ACEP ID:

Toxicology

Editor’s Welcome

Welcome to the first newsletter of 2020!

In this edition, we have a few interesting articles regarding some frustrating pathophysiology problems; these will answer the questions of why patients with salicylate overdoses get symptoms of hypoglycemia without actually being hypoglycemic, and why patients getting NAC have a lower rate of anaphylactoid reaction with higher serum acetaminophen concentrations. Also included is a case presentation of Angel’s Trumpet used as a recreational drug.

I want to take a moment to address something relevant to all readers of this newsletter that lies at the intersection of toxicology and the ongoing SARS-CoV-2 pandemic. There have been multiple reports of misinformation surrounding use of drugs and other xenobiotics by the lay public to treat (or prevent) the disease, and the misuse that this poor information may cause has been fatal. The most prominent example I am aware of is a large number of deaths in Iran secondary to methanol poisoning. Initially reported as a cluster of 44 deaths due to bootleg alcohol consumption, the death count has now reached 180 as of March 19th.1,2 Another example - a popular meme spreading around social media sites recommends gargling with warm water and salt or vinegar as a remedy.3 There has also been discussion generated about the use of ibuprofen to treat symptoms of Covid-19 and whether this might worsen outcomes, on a purely theoretical basis; this was included in a Lancet correspondence article and also in a bulletin recommendation from the French Ministry of Health.4,5 The WHO has more recently come out with a statement saying there is no scientific evidence to back any recommendation to avoid ibuprofen.6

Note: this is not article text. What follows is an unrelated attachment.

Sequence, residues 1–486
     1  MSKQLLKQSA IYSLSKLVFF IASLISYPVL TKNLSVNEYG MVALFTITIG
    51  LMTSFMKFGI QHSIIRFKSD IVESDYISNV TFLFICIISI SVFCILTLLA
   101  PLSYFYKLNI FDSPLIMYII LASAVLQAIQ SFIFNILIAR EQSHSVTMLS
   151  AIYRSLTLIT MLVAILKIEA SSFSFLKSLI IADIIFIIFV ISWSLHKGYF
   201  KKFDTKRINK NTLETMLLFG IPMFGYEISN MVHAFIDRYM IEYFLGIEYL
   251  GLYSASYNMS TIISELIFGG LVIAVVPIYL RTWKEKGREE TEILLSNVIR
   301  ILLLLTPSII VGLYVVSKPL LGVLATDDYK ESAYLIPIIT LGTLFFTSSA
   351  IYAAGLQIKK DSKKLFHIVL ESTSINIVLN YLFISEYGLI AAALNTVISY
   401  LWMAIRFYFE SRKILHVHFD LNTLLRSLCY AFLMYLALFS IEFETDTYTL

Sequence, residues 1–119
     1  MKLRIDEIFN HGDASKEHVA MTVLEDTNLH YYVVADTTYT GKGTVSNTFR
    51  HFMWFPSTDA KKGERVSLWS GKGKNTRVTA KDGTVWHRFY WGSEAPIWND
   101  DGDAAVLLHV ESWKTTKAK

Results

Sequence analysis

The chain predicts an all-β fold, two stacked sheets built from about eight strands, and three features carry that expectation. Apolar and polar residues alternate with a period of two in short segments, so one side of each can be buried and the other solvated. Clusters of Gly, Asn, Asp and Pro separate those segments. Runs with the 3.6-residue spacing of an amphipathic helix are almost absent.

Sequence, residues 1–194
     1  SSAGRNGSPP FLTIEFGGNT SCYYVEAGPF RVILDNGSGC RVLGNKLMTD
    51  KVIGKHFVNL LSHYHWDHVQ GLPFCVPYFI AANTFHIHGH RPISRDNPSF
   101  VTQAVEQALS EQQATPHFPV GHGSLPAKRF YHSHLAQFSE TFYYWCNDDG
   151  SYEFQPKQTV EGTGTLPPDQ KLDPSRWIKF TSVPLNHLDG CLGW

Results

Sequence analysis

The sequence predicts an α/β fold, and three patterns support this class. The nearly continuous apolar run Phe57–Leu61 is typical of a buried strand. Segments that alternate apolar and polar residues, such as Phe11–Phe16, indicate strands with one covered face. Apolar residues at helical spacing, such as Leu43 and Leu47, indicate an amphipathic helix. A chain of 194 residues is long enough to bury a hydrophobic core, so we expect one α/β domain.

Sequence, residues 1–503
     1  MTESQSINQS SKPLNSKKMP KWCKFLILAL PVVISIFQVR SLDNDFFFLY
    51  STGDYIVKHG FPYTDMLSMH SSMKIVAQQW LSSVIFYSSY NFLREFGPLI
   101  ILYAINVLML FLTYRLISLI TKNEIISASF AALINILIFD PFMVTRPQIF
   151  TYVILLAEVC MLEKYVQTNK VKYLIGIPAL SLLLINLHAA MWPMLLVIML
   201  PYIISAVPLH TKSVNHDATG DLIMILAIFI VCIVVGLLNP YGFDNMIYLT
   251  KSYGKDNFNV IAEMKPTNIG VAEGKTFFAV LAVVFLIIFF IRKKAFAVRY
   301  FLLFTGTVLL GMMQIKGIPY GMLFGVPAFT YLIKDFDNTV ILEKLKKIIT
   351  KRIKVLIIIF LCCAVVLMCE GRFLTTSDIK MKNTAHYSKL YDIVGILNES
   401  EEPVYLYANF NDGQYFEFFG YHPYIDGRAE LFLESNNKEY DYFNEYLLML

It should not be a surprise to any reader of this newsletter that misinformation surrounding medication use is prevalent during this time. Rapidly changing information and recommendations are difficult enough for healthcare providers to keep up with; this is even more challenging for the lay public who will receive more of their information from social media and have less ability to assess the quality of evidence they are receiving. My intent in including this in the newsletter is not to make any specific recommendations, but to make you aware of the very real potential for needing to address misinformation as the pandemic continues.

Stay safe,

Justin Corcoran

Medical Toxicology Fellow

ACEP Toxicology Section Newsletter Editor

 

  1. Ahmet Dursun. Iran: Death toll from toxic alcohol rises to 180 [Internet]. 2020 [cited 2020 Mar 19];Available from: https://www.aa.com.tr/en/health/iran-death-toll-from-toxic-alcohol-rises-to-180/1771659
  2. Joshua Bote. 44 dead in Iran from drinking toxic alcohol fake coronavirus cure [Internet]. USA Today. 2020 [cited 2020 Mar 19];Available from: https://www.usatoday.com/story/news/world/2020/03/10/44-dead-iran-drinking-toxic-alcohol-fake-coronavirus-cure/5009761002/
  3. Arjun Deodia. Fact Check: No, gargling with warm salt water can’t save you from coronavirus - Fact Check News [Internet]. India Today. 2020 [cited 2020 Mar 19];Available from: https://www.indiatoday.in/fact-check/story/fact-check-no-gargling-with-warm-salt-water-can-t-save-you-from-coronavirus-1656600-2020-03-17
  4. Fang L, Karakiulakis G, Roth M. Are patients with hypertension and diabetes mellitus at increased risk for COVID-19 infection? Lancet Respir Med [Internet] 2020 [cited 2020 Mar 19];Available from: https://linkinghub.elsevier.com/retrieve/pii/S2213260020301168
  5. Actualisation recommandations Covid 19 [Internet]. Site Ministère Santé. [cited 2020 Mar 19];Available from: https://dgs-urgent.sante.gouv.fr/dgsurgent/inter/detailsMessageBuilder.do?id=30500&cmd=visualiserMessage
  6. WHO clarifies guidance on ibuprofen, says there’s no evidence it can worsen COVID-19 | CBC News [Internet]. [cited 2020 Mar 19];Available from: https://www.cbc.ca/news/health/ibuprofen-covid-19-novel-coronavirus-1.5501496

 

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